Unfortunately, the vaunted planners in New London were, and to this day remain, the gang that could not shoot straight. They had no idea what use they wanted to make of Ms. Kelo’s house on the periphery of their site. Indeed, they had no plans to fill up the empty contiguous lands that they had acquired from abandoned government projects in transactions that had no eminent domain source at all. Justice O’Connor generated lots of hurrahs when she protested that after Kelo,  ”[n]othing is to prevent the State from replacing any Motel 6 with a Ritz-Carlton, any home with a shopping mall, or any farm with a factory.”10 We should be so lucky. Unfortunately, the Ritz-Carlton was never in play in Kelo. The true disgrace of public governance is that the city replaced a perfectly serviceable home with nothing at all—which is why Ms. Kelo’s site stands vacant to this day. The empty land stands in mute tribute to the fancy efficiency justifications for Kelo. Mark Moeller and I were not proud in the amicus brief we wrote in Kelo. We urged the Supreme Court to take the low visibility road of delaying the taking of the houses until the City of New London could figure out what to do with the vacant land. But it did not work out that way in part because the City must have felt pressure to spend the huge state subsidy it received for running the project. There was no “bargaining flaw” to correct in Kelo—just an ill-conceived bailout.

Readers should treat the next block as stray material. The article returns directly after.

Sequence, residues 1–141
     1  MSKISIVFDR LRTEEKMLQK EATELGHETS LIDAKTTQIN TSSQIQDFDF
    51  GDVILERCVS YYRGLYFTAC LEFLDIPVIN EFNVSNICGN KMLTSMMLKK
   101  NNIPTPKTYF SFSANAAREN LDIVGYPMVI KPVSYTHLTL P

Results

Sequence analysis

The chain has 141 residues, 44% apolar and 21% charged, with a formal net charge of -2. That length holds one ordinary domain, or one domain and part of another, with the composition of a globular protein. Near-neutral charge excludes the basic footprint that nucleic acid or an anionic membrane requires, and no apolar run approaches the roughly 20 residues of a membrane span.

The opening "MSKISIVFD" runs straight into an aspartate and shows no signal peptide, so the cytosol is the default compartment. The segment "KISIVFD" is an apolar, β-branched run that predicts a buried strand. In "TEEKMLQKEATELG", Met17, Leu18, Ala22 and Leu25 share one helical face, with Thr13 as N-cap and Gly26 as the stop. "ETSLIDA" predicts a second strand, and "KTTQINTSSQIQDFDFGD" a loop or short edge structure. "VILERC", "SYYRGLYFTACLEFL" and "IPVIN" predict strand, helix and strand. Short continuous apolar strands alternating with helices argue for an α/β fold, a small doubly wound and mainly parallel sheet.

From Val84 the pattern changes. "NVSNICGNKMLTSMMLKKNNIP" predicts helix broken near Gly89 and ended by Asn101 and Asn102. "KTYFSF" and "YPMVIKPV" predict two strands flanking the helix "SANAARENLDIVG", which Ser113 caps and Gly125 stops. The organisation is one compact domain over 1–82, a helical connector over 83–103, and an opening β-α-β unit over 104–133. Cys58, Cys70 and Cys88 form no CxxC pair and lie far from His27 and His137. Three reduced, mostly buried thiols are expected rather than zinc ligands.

Nor should we take comfort in thinking that we can actually generate consistent revenue if a local government can gobble up whatever land it wants. Justice O’Connor made clear her distaste of takings executed for revenue enhancement purposes11 (a position that the Michigan Supreme Court took in 2004 in Wayne v Hathcock,12 which reveals a far more prescient attitude on eminent domain). She could have added that the City’s revenue gambit really won’t work. Sure, it may increase the revenue in the short term, but the live specter of strategic condemnations will lead other landowners to hold back on customized improvements that could easily be condemned for a “market” value that is far lower than their customized value to the owner. Who needs to stifle development in all cases to condemn some parcels of land in a few?